Cityvision interviews the winners of Evolo Skyscraper Competition 2016: Jianshi Wu and Yitan Sun

1. What research you conducted before conceiving the concept of your project? How it came up the idea to subvert the principle of settlement of N.Y. replacing it with the one based on a horizontal development of the building?
A horizontal, underground “sidescraper” was not our intention, but the result of us trying to find a new way to fit a large scale structure into Manhattan’s dense street system without building up a slim tower. As much as we love Manhattan’s street grid, we feel that it also confined the development of the city’s architecture (especially skyscrapers) in many ways, forcing them to grow only vertically. As a result, only the affluent few that can live and/or work on top of these towering skyscrapers are given the benefit and enjoyment of the stunning view on a daily basis.
We wanted do radically challenge that paradigm, and uncover possibilities for a future skyscraper by doing so. As our discussion continues, Digging Down and Central Park became the two key words that constantly being mentioned. Eventually it leads us to the final project. Most of the researches were actually conducted after we settled on the big idea, as we were worried that too much research at an early stage would raise a lot of practicality concerns and may distract us from envisioning such a bold, theoretical concept.
2. In 2012 Cityvision has conceived an entire issue and thematic to one of its most successful contests: New York Cityvision. Is your architectural vision has been influenced by that concept of Past Shock?
We only learned about the contest when recently you mentioned it to us, so the answer is no. But it’s good to see that theoretical projects like these are continuously gaining a large audience and capable of string up global conversations. It shows that people (not just architects) are invested in the environment they occupy and really care about what the future of it should be like.
3. In your project architecture becomes an instrument to amplify the perception of an almost archaic landscape, which is made up of the bedrock on which the current Central Park is set up. What was the generative process of the project?
It is interesting that you use the word “archaic”, because we believe that’s also what’s unique about our project. As we said, we did our research rather late in the process to avoid practicality concerns. To our surprise, though, lots of facts about Central Park that we found out later in the process were actually quite supportive.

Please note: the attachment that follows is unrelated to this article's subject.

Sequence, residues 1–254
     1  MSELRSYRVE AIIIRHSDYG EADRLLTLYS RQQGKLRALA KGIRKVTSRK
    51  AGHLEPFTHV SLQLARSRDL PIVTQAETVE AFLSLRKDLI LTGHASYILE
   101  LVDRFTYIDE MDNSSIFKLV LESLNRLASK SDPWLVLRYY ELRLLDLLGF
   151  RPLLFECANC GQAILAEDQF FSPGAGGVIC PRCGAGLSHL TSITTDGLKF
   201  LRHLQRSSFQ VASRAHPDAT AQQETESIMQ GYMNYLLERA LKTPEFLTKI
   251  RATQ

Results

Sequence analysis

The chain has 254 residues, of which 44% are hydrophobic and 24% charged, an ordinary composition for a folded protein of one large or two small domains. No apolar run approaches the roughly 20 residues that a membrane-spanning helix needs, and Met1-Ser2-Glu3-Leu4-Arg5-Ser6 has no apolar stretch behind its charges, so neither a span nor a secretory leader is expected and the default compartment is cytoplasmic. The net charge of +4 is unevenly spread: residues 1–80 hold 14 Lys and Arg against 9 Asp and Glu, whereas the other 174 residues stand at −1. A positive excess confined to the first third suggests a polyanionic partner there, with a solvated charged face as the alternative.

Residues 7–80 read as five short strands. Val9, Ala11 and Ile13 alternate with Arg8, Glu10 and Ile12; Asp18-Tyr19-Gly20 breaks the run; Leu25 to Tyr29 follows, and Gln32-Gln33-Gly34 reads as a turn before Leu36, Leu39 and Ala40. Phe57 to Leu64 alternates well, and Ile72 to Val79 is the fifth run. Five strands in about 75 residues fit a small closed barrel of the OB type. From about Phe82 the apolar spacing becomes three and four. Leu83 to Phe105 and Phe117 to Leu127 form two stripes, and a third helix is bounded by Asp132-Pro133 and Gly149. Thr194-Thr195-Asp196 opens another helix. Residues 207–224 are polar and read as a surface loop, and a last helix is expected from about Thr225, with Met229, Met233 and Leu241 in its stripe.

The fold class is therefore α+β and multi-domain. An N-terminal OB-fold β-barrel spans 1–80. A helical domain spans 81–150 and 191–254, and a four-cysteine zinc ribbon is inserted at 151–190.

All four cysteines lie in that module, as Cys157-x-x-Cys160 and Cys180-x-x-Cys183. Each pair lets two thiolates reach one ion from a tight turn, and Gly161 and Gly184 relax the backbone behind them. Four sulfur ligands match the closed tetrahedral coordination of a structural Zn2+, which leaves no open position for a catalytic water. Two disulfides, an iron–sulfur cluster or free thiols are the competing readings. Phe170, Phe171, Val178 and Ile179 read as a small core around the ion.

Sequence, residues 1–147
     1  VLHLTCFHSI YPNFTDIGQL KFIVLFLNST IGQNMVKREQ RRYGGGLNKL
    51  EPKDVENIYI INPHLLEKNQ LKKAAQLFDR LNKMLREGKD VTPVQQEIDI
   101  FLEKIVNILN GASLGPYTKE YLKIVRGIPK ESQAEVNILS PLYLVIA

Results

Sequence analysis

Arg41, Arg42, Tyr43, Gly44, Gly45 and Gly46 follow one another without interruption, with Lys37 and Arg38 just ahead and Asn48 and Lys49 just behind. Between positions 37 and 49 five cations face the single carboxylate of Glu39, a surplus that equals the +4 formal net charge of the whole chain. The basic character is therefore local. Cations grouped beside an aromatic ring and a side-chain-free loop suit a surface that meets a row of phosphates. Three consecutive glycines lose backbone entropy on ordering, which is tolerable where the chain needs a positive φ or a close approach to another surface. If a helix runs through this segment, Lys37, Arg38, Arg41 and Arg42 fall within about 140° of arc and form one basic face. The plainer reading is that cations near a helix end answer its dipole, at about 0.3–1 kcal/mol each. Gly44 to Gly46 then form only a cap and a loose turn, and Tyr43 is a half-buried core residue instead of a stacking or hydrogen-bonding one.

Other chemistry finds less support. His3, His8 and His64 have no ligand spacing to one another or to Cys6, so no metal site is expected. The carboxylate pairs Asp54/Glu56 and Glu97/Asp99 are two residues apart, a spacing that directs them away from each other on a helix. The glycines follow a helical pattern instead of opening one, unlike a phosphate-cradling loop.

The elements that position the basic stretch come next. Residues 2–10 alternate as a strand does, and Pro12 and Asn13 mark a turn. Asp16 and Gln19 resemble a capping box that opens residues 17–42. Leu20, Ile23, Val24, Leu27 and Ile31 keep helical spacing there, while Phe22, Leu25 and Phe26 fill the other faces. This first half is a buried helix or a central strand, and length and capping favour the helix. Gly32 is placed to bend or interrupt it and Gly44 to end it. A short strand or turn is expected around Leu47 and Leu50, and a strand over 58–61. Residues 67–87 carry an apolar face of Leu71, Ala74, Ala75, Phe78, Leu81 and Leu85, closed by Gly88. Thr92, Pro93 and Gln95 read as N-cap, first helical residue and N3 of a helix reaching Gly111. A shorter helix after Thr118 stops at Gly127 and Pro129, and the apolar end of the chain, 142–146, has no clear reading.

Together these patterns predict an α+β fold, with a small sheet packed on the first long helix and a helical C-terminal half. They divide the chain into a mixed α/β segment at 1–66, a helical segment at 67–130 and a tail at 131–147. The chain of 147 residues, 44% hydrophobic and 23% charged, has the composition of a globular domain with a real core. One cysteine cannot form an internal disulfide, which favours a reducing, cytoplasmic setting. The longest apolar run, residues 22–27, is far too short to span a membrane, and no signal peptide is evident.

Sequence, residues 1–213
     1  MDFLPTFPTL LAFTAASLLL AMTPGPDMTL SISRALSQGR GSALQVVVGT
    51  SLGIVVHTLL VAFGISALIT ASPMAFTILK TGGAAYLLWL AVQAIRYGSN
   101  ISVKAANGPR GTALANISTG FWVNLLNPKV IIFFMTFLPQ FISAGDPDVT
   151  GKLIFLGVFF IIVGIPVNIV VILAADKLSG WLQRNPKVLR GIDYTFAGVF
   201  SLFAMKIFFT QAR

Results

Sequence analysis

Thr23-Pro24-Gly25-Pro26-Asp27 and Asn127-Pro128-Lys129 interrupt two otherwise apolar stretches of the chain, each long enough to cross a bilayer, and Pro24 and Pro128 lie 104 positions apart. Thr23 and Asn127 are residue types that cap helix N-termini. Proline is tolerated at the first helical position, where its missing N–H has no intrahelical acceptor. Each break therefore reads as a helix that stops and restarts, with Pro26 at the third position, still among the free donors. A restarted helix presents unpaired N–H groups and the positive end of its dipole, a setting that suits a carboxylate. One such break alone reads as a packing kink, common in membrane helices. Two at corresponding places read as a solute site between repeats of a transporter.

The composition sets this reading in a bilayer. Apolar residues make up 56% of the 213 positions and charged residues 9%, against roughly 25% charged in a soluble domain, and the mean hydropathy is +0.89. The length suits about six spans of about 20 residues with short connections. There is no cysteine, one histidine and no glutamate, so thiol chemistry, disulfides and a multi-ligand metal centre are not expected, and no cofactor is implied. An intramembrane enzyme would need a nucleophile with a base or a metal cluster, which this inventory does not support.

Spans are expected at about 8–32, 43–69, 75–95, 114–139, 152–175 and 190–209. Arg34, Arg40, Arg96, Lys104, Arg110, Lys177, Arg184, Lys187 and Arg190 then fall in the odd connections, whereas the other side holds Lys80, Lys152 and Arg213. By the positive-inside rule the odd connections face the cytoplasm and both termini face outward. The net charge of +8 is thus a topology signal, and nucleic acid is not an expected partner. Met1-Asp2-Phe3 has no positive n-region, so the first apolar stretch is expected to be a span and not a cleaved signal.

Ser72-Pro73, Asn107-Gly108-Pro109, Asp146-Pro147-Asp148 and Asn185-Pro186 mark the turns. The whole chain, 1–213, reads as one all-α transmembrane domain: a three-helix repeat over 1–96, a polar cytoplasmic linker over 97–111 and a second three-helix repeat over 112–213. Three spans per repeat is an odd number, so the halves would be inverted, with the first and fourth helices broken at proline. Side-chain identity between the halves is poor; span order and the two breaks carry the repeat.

For example, Central Park’s overall bedrock layer is deeper than midtown and downtown Manhattan, making it unideal for high rise skyscrapers to anchor themselves in. And most of the parks soil were actually imported from New Jersey 150 years ago in order to flatten the rugged terrain that the park once had. Knowing facts like these, we eventually decided to reveal the brutal nature that was buried underneath today’s artificial land, And surrounds it by characterless architecture that tries to be nothing but mirror that reflects nature. 
4. Your boards and images are very impressive and reveal awareness in digital representation of a project. Which software do you use in your practice?

We used Photoshop for the most parts of this project, we also used Rhino 3D and various rendering engines to achieve certain effects in detail. There is never one particular software that we use more than the others, it all depends on what we want to express. We usually see the image in our mind first then choose the best tool to make it to the board as fast as possible. Efficiency and freedom is really important to us, especially at the early stage.
5. Recently the MAXXI in Rome presented SUPERSTUDIO 50, the most important exhibition of the studio with drawings, photomontages and installations of the Continuous Monument series (1966). There are interesting similarities between the radical architectural visions of Superstudio and your “New York Horizon”. For example the fact that it is an architecture produced in a single act, through an artwork of total urbanization. Does the Superstudio architectural vision influenced the development of your project idea?
It certainly influenced our project, but mostly visually. SUPERSTUDIO’s artwork achieved a stunning balance between familiarity and unworldliness, thus evokes contradiction and antagonism among audiences. This is also what we want to achieve with our project.
6. Rem Koolhaas writes: “[...] I believe that utopia is very important for opposition, like a way of comparison; you can not judge a city without building an utopia, since utopia will judge without knowing the reality of the city.” Do you see your project in the same light? Do you think it’s important to use utopia to better understand the reality of the contemporary city?
We do see our project in the same light. Sometimes the strongest concepts are better expressed in the purest forms, because it can reveal some fundamental issues or truth about a city that might otherwise be buried in the noises. Utopia, if not more, is just as true as the real city itself. 
I’m citing Reinier de Graaf’s words here:” An overdose of utopia is dangerous, but architecture today is characterised by an underdose of utopia, which can be just as dangerous.”
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Interview by Giuseppe Conti



Title: Cityvision interviews the winners of Evolo Skyscraper Competition 2016: Jianshi Wu and Yitan Sun

Time: 14 luglio 2016
Category: Article
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